DEI Impact

A study from the Better Business Bureau’s Give.org finds that two in five people would not donate to a charity that tolerates discrimination. Based on a survey of more than 2,100 adults in the U.S. and more than 1,000 adults in Canada, the report explores whether donors value diversity, equity, and inclusion (DEI) in charities, and whether DEI is a meaningful consideration in the giving process among the general public and different demographic groups. While nearly 41% said they would no longer donate to a charity they supported in the past upon learning that the charity’s culture tolerates discrimination against people served, 34% would no longer donate to charities using culturally insensitive images and language, and 17% would no longer donate upon learning the charity’s board is not diverse.
In addition, more than half (54%) of U.S. respondents said they assumed that having a diverse, equitable, and inclusive board and staff has a positive effect on how trustworthy the organization is. And nearly 20% of respondents said that representation of race and ethnicity, disability status, gender identity, sexual orientation, and religious identity in a community served by a nonprofit was “highly important” in their giving decision, but between 25% and 30% attributed low importance to the same question. The report concludes that, while each charity’s DEI journey is complex and unique, the pursuit of a diverse, equitable, and inclusive charity is part of an organization’s strategy to be ethical, effective, and trustworthy.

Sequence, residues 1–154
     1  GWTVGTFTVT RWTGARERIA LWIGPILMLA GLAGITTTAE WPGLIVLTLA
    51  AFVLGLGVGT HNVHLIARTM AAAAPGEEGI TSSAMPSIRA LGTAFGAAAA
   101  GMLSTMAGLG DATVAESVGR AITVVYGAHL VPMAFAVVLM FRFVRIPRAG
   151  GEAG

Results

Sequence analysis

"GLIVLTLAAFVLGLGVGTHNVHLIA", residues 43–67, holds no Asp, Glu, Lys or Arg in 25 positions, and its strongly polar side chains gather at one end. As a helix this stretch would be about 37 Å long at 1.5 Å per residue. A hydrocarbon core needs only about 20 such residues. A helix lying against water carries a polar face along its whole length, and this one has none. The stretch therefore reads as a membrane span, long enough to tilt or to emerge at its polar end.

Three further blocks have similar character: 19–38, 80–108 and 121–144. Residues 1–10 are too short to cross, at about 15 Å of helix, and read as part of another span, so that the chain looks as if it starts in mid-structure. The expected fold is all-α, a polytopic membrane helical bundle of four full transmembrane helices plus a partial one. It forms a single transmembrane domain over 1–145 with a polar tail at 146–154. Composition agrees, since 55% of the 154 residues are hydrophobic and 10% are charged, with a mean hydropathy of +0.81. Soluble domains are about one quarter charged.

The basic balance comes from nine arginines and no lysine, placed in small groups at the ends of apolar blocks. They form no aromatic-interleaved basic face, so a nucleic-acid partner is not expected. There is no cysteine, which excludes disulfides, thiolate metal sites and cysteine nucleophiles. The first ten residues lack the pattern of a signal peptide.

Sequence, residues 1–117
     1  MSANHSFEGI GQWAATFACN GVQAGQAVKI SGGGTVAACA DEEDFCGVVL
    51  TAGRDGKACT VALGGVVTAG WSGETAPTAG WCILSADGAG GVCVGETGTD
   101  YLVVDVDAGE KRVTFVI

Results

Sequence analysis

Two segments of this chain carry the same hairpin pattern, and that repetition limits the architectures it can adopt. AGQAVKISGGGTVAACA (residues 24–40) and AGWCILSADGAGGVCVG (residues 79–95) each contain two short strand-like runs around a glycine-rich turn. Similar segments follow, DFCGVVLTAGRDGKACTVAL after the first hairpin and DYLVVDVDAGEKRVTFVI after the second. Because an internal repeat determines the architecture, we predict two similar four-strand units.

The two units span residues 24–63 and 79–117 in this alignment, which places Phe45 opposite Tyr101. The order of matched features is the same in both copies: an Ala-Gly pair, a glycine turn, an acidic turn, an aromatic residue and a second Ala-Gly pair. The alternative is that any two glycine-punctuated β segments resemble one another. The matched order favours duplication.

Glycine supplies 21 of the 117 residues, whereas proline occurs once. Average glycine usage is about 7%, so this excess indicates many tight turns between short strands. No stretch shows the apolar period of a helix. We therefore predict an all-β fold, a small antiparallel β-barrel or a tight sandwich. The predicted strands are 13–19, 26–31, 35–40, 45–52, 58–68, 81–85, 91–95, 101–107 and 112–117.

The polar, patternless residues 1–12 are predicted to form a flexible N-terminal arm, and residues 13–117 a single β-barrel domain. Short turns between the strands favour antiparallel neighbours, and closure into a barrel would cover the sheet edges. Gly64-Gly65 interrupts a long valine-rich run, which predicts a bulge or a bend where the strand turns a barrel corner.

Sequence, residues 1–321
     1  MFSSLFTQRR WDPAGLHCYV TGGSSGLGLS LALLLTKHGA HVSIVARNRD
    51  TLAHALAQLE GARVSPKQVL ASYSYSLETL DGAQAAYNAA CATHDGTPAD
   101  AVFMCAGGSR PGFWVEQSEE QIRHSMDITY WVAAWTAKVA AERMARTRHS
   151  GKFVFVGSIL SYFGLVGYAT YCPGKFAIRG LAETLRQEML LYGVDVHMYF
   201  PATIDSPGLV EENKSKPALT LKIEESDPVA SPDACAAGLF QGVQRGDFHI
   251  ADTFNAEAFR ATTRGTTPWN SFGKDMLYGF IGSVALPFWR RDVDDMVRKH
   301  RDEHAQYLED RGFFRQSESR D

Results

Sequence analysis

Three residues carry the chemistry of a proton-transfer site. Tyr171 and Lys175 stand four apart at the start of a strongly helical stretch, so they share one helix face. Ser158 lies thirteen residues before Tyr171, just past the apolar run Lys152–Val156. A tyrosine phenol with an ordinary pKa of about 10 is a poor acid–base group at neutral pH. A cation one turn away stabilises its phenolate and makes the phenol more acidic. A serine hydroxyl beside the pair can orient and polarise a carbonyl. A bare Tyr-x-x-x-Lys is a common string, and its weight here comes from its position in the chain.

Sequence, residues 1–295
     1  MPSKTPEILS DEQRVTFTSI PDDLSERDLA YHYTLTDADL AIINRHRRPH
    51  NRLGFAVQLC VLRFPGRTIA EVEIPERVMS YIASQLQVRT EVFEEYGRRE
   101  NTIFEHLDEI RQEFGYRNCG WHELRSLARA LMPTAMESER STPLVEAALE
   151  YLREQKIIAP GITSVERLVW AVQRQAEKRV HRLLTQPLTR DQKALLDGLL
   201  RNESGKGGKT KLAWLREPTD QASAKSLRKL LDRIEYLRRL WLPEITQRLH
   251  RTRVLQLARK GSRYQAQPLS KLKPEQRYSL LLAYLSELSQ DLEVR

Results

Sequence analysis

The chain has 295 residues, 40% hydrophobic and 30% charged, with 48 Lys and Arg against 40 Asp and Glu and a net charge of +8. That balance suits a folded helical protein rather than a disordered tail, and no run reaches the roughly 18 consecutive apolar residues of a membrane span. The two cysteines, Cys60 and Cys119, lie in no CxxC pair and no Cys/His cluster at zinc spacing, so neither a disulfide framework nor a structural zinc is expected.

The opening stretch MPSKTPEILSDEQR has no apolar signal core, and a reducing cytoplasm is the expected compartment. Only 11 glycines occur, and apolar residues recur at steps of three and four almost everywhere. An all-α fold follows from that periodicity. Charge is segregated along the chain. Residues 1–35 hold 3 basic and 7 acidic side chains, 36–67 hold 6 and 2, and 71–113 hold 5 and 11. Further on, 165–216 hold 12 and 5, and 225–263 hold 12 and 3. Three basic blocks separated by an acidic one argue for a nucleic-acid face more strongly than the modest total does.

On Bookshelf: Philanthropy Revolution

In the first book on philanthropy written from a donor’s perspective, businesswoman and philanthropist Lisa Greer lifts the lid on our charitable sector, with an authentic account that describes exactly how outdated the sector has become and why it’s at risk of collapse. Weaving in her story of instant wealth and philanthropy, Greer showcases the latest research, as well as dozens of interviews with donors, non-profit professionals and leading academics in the field. In Philanthropy Revolution, she also provides much-needed ethical solutions that apply to any business, including:
  • Upfront ways to ask for money
  • Effective communications strategies
  • Ways to be transparent from the outset
  • How to curate meaningful events